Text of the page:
Maintaining sufficient liquidity enables a firm to operate smoothly. It ensures timely payment of suppliers, loan obligations, and procurement of sufficient inventory. Consequently, firms should boost their liquidity by raising long-term finance, disposal of non-productive assets, and optimizing the working capital.

Raising Long-Term Finance

Raising long-term finance entails the issuance of bonds or floatation of stock in the capital markets. Unlike short-term notes, bonds offer a long-term solution for the company’s liquidity. The company can use the proceeds from long-term bonds to purchase inventory, settle the trade payables, and repay accrued liabilities. In addition, some of the proceeds from the issuance of stocks or bonds can be maintained as cash to finance immediate financial and operational needs.

The option of whether to raise long-term finance from either bonds or the sale of equity depends on several factors. These include the management’s preferences, the firm’s cash flow level, capital structure policy, and the relationship with investors. Small firms often raise additional capital from bank loans due to their lack of a strong relationship with the financial markets and relatively limited demand for large capital. In contrast, large firms often have large capital requirements and have an established relationship with the capital markets. As a result, large firms often raise long-term finance directly from the capital markets. Once the company raises the long-term capital, it should use the proceeds to acquire inventories or repay current liabilities.

Disposal of Assets

Companies should dispose of their unproductive assets to raise working capital for their operations. The management should assess the impact of eliminating these assets from the firm’s value chain before making this decision. Any assets selected for sale should not be critical to the firm’s core operations. For instance, a production company should not sell its only functional machine to raise working capital. Therefore, only non-core assets should be sold to generate working capital.

Companies can also enter into sale and leaseback transactions. These transactions involve the firm selling its core assets and leasing the same assets from the buyer. The initial sale releases the capital tied up in the long-term asset such as premises. In return, the company pays the periodic lease premium, which can be done from the operating profits. Sale and leaseback transactions enable the company to convert the property into capital without losing control of the asset. In addition, periodic lease payments are tax-deductible, which reduces the total taxable profit for the company. Moreover, such a transaction enables the company to avoid floatation expenses when raising debt or equity from the capital markets. Furthermore, the company will experience a boost in the asset turnover ratio as the asset will be removed from the balance sheet. However, such transactions are reserved for high-value assets, including premises, custom vehicles, and machinery.

The company can also sell the account receivables to third parties. This process, which is referred to as factoring, entails exchanging the account receivable balance for a percentage of cash. A factor pays a certain percentage of the total value of receivables (for example, 80% of total receivable balance) and earns the rest as commission. While this process reduces the total cash derivable from debtors, it avails immediate cash for the business. This increases the actual cash available for settling maturing obligations.

Optimizing Working Capital and Reducing Overhead Expenses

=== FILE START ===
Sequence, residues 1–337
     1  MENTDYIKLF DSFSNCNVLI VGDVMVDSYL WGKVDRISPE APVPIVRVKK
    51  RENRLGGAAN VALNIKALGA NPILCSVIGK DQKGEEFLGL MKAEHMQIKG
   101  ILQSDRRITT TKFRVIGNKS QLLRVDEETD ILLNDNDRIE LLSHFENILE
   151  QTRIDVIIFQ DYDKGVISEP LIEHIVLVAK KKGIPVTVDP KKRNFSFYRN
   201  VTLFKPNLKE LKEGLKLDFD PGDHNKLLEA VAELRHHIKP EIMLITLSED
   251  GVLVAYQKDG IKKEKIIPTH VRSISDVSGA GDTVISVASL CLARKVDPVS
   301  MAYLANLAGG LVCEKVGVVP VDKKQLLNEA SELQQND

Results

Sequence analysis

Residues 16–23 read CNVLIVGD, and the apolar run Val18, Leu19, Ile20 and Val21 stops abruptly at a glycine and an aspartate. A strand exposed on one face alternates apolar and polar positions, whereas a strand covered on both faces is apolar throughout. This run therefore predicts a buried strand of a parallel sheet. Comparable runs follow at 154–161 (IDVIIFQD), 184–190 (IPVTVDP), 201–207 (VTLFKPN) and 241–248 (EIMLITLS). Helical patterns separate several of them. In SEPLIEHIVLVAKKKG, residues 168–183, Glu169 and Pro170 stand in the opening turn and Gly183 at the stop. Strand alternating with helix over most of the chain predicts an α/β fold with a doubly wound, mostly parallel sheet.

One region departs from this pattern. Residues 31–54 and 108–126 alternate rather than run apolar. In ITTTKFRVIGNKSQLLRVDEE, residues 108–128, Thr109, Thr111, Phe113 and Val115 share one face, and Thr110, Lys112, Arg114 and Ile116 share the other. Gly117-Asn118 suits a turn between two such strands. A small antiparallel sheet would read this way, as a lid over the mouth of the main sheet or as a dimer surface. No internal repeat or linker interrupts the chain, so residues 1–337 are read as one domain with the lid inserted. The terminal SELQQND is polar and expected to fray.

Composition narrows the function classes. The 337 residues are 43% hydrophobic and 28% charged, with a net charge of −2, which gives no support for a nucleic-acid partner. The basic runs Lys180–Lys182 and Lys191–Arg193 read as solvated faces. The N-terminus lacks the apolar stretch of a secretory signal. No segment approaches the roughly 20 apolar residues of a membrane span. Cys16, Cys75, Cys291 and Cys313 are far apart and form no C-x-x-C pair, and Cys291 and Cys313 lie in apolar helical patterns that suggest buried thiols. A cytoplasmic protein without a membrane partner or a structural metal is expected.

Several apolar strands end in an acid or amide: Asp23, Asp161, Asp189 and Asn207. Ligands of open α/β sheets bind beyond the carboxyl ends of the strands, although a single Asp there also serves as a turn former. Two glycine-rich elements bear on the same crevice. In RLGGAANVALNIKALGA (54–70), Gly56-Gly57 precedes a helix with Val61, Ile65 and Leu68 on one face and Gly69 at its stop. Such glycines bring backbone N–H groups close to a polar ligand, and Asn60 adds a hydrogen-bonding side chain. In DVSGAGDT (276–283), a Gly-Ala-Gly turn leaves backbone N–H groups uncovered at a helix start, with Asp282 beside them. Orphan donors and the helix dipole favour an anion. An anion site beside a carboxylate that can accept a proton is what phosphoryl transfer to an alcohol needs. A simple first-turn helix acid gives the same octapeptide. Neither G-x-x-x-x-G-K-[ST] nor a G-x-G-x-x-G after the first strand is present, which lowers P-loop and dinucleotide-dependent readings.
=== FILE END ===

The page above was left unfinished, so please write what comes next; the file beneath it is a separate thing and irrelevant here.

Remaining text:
Companies can optimize their working capital to increase the cash available for short-term obligations. The elements of working capital that can be optimized include inventory, trade receivables, and payables. Managing the amount of these balances could boost the firm’s level of liquidity.

  • Inventory. Firms maintain a significant amount of inventory on their balance sheet. While maintaining a large amount of inventory enables firms to fill customer orders promptly, holding these assets for a long time ties up the firm’s liquidity. As a result, the company should maintain an optimal balance of inventory to prevent stock-outs on the one hand and to minimize the cost of holding stock.

Companies can use economic order quantity models to determine the optimal level of stock to hold in order to achieve a 100% service level. By determining the lowest levels of inventory, the company will convert most of its stock into cash, thereby shortening the cash conversion cycle. In addition, it will reduce the associated costs, including insurance, storage, and demurrage. These recurrent expenses also reduce the company’s liquidity. Therefore, optimizing the inventory level will boost the firm’s liquidity.

  • Trade receivables. Trade receivables refer to amounts owed by customers after making credit purchases. Companies offer customers a generous repayment period to facilitate their buying in large quantities. The firms hope that traders can convert the merchandise obtained from the company into cash and use the proceeds to settle the debt. However, the long duration presents a significant opportunity cost for the company.

The money invested in trade receivables could be diverted into other cash-generating activities within the company. In addition, cash payment for goods reduces the risk of bad debts for the company, which poses a significant loss of cash flow. Therefore, the company should balance the need for increasing sales and the firm’s cash flow requirements.

The company can reduce the trade payable days by offering incentives to cash buyers. In addition, it can offer a percentage discount on the amount due from debtors. This discount acts as a deterrent for customers wishing to take advantage of lower prices to pay early. It also serves as a penalty for credit customers that take long to settle their obligations. As a last resort, the company can transfer the outstanding payables to factoring agents to convert the balance into cash at a fee.

  • Trade payables. The company should extend its payables period. This extension will preserve the cash available in the business for a longer period, thereby ensuring that liquidity remains available for urgent and priority functions. However, the company should be guarded against eroding suppliers’ goodwill, which could result in a lack of critical supplies. Such a shortage of critical materials would result in production stoppages, disruptions in the supply chain, and eventual loss of customers.
  • Reducing Operating Expenses. Companies use most of their cash balances to settle recurrent operating expenses. These expenses include payment of wages, transportation, rent, and utilities. The company can reduce these expenses by improving the workers’ productivity, eliminating unnecessary trips, reducing the rented space, and through efficient use of utilities. The company should invest in efficient production technology and tools that result in higher output per worker, which will reduce the number of workers needed on the factory floor. The company can also give up any unnecessary space to save on the monthly rental expenses. These savings will reduce the accrued expenses and boost the firm’s liquidity.